Mendelsohn: A generalization of the exponential growth model was introduced by Mendelsohn [35]. In this model, growth is proportional to some power, b, of the population.
Logistic: The logistic (or PearlVerhulst) equation was created by Pierre Francois Verhulst in 1838 [36]. This model describes the growth of a population that is limited by a carrying capacity of b. The logistic equation assumes that the growth rate decreases linearly with size until it equals zero at the carrying capacity.
Linear: The linear model assumes initial exponential growth that changes to growth that is constant over time. In our formulation of the model, the initial exponential growth rate is given by a/b and the later constant growth is a. The model was used in early research to analyze growth of cancer cell colonies [16].
Surface: The surface model assumes only a thin layer of cells at the surface of the tumor are dividing while the cells inside the solid tumors do not reproduce; they are mitotically inactive [37]. Our formulation again assumes exponential growth at early times with the surface growth taking over at longer times.
Bertalanffy: The Bertalanffy equation was created by Ludwig Bertalanffy as a model for organism growth [38]. This model assumes that growth occurs proportional to surface area, but that there is also a decrease of tumor volume due to cell death. This model was shown to provide the best description of human tumor growth [30].
Gompertz: Benjamin Gompertz originally created the Gompertz model in 1825 in order to explain human mortality curves [39]. The model is a generalization of the logistic model with a sigmoidal curve that is asymmetrical with the point of inflection. The curve was eventually applied to model growth in size of entire organisms [40] and more recently, was shown to provide the best fits for breast and lung cancer growth [32].
Dynamical analysis
Our goal is to assess differences in model predictions. While we are often concerned with prediction of time points in the near future, it is also informative to study the longterm predictions of a mathematical model. To this end, we find the fixed points of each equation which will tell us the longterm predictions of each of the models. Stability analysis [41] is used to determine the boundary between growth and decay of the tumor.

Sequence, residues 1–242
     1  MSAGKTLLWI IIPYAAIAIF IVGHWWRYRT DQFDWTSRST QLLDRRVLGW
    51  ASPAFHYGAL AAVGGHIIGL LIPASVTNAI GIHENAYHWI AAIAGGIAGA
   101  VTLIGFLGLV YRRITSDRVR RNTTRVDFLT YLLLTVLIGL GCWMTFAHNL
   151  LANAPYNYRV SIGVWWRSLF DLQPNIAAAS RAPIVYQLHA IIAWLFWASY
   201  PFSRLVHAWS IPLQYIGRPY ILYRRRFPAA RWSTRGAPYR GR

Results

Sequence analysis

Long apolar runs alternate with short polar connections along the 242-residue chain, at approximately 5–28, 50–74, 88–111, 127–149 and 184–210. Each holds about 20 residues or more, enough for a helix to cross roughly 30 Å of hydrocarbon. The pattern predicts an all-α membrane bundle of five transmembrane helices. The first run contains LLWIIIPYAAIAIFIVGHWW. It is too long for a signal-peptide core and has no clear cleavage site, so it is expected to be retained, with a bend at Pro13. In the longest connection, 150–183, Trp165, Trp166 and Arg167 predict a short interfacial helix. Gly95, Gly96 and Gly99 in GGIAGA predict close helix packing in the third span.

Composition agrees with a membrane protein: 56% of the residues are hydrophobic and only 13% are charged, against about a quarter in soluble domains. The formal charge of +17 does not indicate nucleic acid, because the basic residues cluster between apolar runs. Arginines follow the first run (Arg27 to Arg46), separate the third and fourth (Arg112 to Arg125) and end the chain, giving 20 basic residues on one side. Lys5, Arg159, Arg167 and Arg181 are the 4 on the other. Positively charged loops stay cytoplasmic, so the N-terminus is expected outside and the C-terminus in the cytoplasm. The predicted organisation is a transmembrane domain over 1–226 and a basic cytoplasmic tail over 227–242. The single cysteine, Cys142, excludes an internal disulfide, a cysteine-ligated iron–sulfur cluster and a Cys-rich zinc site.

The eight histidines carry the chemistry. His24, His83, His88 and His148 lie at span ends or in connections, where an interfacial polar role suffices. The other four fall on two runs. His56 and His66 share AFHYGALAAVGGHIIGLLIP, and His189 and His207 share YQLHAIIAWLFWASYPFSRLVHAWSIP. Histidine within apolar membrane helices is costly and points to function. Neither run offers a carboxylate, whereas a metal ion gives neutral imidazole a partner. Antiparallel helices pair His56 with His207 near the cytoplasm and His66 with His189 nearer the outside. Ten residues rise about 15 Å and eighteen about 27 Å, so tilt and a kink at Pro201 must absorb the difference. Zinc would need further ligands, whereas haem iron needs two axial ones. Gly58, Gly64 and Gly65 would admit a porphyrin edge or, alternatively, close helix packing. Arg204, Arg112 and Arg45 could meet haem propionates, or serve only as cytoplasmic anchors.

We also determine the doubling time,
where λ is the initial growth rate of the tumor. The doubling time is often used as a measure of how fast the tumor grows [42]. We use a Taylor expansion of the equations in Table 1 about V=0 to determine the initial growth rate. While this means that the calculated doubling time is an approximation and only valid during the early portion of the growth phase, many experimental data sets only follow the growth for a short period of time so this is representative of what might be calculated in actual experiments.
Chemotherapy
In addition to assessing the predictions of the growth models alone, we examined how predictions differed when chemotherapy was added to the models. This is particularly important since growth models are often used as a basis for predicting the efficacy of cancer therapies.
Since this is just illustrative, we choose a simple implementation of chemotherapy. We assume that there is a constant supply of drug C _{0} acting on the tumor. We simply subtract the term C _{0} V from each equation [29] and again use stability analysis to determine the conditions that lead to eradication of the tumor.
Data fitting
Data from Worschech et al. [43] of a GI101A xenograft in nude mice (Figure 1A of [43], control data) was extracted using WebPlotDigitizer, an online data extraction tool. Fitting was performed by minimizing the sum of squared residuals (SSR),
where x _{ i } are the experimental data points, and m _{ i } are the predicted model values at the same times. The lowest SSR was found using the Python Scipy fmin_tnc function, which uses a truncated Newton algorithm.
Since the models have a different number of free parameters, comparison using only the SSR is not always fair since models with more free parameters have more freedom to to fit the data. To correct for this bias, we use Aikaike’s information criterion (AIC_{ C }), corrected for small sample size, which penalizes models with more parameters if there is not enough improvement in the SSR. The AIC_{ C } is given by
where n is the number of data points and K is the number of parameters [44]. The model with the lowest AIC_{ C } is considered to be the better model given the experimental data it is approximating.
Results
Tumor growth in the absence of chemotherapy